Capital city visitors on state, legislative, and other business complain most about Juneau weather, access, shopping, restaurants, and parking.
That’s according to a survey recently released by the Juneau Economic Development Council.
JEDC wrote and conducted the survey last March and April, in conjunction with the Alaska Committee.
JEDC Program Associate Kevin Crowley says they wanted to measure satisfaction with various aspects of their trip to Juneau, so they targeted business visitors as they were leaving Juneau International Airport for Anchorage or Seattle.
Crowley says 346 were polled, representing the estimated 3,464 business visitors who came to Juneau during this time.
“We surveyed people who were visiting for the purposes of legislative, state or other business, so we excluded people who were there for personal reasons, vacation, etc.,” he says.
Despite capital city improvements since a similar survey in 2009, Crowley says there were complaints about many of the same things.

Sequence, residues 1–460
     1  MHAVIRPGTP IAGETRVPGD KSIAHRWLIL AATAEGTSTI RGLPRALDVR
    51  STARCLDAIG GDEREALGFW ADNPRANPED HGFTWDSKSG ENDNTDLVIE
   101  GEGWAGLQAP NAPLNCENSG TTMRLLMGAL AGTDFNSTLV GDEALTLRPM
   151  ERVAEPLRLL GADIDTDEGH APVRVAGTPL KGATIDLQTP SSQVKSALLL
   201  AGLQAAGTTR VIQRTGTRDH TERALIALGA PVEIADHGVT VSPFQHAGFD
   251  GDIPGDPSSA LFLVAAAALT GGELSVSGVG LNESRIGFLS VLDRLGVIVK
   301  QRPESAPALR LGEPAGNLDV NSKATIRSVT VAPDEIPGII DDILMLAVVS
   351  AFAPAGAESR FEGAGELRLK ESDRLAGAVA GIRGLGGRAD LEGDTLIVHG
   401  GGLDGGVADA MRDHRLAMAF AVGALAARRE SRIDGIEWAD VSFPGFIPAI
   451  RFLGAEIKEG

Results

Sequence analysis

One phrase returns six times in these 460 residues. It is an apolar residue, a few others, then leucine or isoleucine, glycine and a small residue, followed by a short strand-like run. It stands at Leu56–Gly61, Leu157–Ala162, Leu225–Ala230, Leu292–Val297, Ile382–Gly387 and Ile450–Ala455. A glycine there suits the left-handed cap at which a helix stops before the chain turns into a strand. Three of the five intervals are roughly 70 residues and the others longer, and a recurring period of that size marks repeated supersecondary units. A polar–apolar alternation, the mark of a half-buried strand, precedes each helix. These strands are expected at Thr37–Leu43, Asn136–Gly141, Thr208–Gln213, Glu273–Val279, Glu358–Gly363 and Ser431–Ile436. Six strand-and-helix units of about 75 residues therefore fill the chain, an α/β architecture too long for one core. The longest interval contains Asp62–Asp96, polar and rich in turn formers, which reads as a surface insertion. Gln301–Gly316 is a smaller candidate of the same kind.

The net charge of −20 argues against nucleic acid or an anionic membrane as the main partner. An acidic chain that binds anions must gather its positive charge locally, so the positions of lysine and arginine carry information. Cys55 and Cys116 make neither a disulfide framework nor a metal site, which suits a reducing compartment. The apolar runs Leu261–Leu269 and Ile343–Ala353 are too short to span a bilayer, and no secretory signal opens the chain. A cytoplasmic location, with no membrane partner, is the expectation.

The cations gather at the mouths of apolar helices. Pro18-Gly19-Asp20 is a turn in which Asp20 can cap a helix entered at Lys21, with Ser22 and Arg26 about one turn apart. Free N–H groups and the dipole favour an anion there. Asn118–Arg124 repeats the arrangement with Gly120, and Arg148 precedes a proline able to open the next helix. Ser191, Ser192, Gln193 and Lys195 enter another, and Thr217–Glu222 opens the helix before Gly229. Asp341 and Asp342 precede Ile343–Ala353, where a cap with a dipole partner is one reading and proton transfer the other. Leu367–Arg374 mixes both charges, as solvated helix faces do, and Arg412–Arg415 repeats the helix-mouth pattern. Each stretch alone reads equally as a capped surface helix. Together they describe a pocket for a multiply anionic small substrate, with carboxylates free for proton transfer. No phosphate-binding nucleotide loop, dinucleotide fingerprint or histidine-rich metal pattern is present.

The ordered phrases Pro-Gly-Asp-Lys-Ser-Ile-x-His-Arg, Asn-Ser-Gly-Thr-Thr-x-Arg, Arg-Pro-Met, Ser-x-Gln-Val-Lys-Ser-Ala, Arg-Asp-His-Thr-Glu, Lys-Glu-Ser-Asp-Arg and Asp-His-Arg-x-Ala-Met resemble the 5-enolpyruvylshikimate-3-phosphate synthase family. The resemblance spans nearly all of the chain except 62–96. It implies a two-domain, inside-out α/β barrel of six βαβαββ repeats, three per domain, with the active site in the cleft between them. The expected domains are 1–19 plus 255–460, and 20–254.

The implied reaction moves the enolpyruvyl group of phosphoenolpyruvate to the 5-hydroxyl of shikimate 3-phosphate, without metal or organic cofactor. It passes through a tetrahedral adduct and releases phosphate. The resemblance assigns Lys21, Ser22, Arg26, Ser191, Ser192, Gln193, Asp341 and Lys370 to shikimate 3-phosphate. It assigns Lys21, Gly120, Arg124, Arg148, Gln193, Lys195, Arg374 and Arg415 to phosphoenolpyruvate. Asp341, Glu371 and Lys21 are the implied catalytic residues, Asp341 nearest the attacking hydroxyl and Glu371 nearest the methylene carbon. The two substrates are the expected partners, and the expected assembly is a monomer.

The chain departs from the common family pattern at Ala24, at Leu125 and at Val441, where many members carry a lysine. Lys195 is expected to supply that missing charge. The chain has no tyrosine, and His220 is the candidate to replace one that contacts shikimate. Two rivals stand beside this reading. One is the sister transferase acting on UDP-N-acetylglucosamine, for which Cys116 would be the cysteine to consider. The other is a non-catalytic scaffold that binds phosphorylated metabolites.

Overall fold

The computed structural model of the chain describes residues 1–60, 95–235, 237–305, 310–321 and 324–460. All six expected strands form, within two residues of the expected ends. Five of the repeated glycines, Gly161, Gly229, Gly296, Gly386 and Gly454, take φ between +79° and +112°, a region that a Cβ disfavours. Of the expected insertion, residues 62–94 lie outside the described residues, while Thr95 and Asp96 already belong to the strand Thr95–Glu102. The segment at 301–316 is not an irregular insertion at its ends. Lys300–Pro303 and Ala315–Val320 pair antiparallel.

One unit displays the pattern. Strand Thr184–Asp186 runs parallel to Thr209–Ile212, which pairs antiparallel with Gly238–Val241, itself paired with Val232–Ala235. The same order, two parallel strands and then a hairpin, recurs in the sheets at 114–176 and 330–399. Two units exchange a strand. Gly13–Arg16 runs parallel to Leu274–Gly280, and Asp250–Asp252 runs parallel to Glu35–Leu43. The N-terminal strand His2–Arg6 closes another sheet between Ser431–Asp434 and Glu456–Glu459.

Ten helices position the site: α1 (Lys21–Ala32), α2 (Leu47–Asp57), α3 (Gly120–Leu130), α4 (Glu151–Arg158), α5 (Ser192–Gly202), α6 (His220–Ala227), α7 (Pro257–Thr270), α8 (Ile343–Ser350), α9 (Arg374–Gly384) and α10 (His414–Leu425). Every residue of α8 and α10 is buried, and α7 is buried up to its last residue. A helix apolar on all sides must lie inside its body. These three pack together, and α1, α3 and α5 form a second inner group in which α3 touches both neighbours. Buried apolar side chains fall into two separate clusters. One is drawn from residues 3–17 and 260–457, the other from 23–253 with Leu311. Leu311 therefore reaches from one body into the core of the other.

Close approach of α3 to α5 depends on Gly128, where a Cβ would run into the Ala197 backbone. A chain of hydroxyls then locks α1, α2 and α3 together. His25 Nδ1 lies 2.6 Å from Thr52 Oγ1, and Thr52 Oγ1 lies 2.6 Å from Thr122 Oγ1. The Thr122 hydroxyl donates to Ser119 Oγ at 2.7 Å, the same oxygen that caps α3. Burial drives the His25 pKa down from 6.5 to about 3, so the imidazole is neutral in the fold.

“Downtown parking was an area where there was some expressed dissatisfaction; overall that was one of the lowest ranked aspects of peoples’ trips. Airport concessions and the fact there’s not a lot available behind security. Some other things such as shopping and arts and entertainment, folks cited things not being opened later, just the variety of restaurants, and foods and services available in the downtown area,” Crowley says.
All the complaint categories were small, but Crowley says the city should pay attention to those areas.
The natural beauty, scenery, friendly community and small-town feel, the walk-ability of downtown, and the airport in general got high marks.
“You could say that overall satisfaction with Juneau, a lot of the aspects were very positive, above 60, 70 80 percent for a lot of them in terms of total satisfaction. So there are a lot of things Juneau is doing well, but there are a lot of places, you know depending on an individual’s opinion and experience, a lot of small places that could be improved upon,” Crowley says.
He says it’s notable that opinions improved with increased visits and greater familiarity with the capital city.
- Between decommissioned defense sites and contaminated currents, the Bering Strait Region is particularly vulnerable to toxic pollution.
- The Tlingit-Haida Central Council, Southeast Alaska’s largest tribal organization, wants to expand its programs through profits from a business it’s buying.
- But in some cases, like the Kensington Mine, it’s too late.
- While “Annapurna” officially opens Friday at Perseverance Theatre, you can catch pay-as-you-can previews Wednesday and Thursday at 7:30 p.m.